The final HIPAA security rule issued Thursday removes the lengthy appendix found in the 2000 proposal that spells out technology requirements for compliance with the regulations.
"A lot of this is policy and procedure and not technology," says Dan Rode, vice president for policy and government relations for the American Health Information Management Association, a trade association for medical coders.
"That makes sense," Rode says. "It gives more flexibility" to healthcare organizations.
What CMS essentially has done, according to Rode, is acknowledge that technology keeps changing by listing requirements but not processes.
The actual rule takes up only the final 44 of the total 289 pages in the version released to the public this week; the bulk of the text is devoted to responding to the 2,350 public comments CMS received on the earlier proposal.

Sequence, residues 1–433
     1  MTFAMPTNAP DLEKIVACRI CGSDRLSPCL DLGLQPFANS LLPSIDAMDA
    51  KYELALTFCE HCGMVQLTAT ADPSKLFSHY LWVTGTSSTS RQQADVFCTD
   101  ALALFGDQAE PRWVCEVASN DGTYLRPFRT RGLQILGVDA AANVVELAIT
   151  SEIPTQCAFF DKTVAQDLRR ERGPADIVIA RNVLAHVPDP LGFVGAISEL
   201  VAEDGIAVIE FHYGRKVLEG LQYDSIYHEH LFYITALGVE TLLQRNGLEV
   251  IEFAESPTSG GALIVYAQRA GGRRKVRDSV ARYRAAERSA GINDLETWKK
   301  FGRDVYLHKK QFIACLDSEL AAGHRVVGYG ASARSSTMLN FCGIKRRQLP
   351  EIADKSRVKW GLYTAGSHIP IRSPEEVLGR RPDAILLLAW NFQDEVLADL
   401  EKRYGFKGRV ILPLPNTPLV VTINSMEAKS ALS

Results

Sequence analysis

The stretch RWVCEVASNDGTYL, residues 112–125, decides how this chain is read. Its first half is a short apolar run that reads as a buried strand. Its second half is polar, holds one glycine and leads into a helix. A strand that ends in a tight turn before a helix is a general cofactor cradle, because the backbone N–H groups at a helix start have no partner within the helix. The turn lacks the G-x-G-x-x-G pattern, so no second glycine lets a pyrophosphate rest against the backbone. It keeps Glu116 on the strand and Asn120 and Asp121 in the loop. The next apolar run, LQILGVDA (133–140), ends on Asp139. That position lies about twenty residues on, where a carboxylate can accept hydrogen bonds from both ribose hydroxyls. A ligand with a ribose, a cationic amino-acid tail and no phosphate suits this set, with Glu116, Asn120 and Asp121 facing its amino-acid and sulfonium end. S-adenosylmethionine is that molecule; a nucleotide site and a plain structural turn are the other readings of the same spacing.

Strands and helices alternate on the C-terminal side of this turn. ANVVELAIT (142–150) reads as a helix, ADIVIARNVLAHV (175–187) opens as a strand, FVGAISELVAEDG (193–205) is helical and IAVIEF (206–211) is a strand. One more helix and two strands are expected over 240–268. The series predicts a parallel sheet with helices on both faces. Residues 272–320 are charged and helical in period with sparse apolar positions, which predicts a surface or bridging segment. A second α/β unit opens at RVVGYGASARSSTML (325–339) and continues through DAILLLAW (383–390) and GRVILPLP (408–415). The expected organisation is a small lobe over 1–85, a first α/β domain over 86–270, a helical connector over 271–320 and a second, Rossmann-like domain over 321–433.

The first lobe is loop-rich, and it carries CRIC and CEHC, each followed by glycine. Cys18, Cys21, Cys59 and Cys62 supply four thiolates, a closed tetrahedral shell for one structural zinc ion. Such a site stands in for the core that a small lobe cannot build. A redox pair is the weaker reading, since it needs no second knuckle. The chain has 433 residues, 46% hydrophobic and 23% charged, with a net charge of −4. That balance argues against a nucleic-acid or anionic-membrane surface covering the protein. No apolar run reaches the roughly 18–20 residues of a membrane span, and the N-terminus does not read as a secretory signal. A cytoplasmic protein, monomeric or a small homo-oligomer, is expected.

The security rule, along with modifications to the HIPAA regulations on transactions and code sets, are to be published in the Federal Register Feb. 20.
The security standards are effective on or about April 21, but most covered entities will have two full years--until April 21, 2005--to comply with the standards. Small health plans will have an additional year to comply.
Modifications to the standards for transactions and code sets affect health plans, certain healthcare providers and healthcare clearinghouses, which must comply by Oct. 16. However, Rode says CMS does not specify in the transaction amendment how it will deal with the estimated 1.5 million covered entities that did not apply for a one-year extension to comply with the rules by the Oct. 15, 2002 deadline.
"There's no surprises in these modifications," Rode says. "Probably the biggest surprise is that they finally got them out."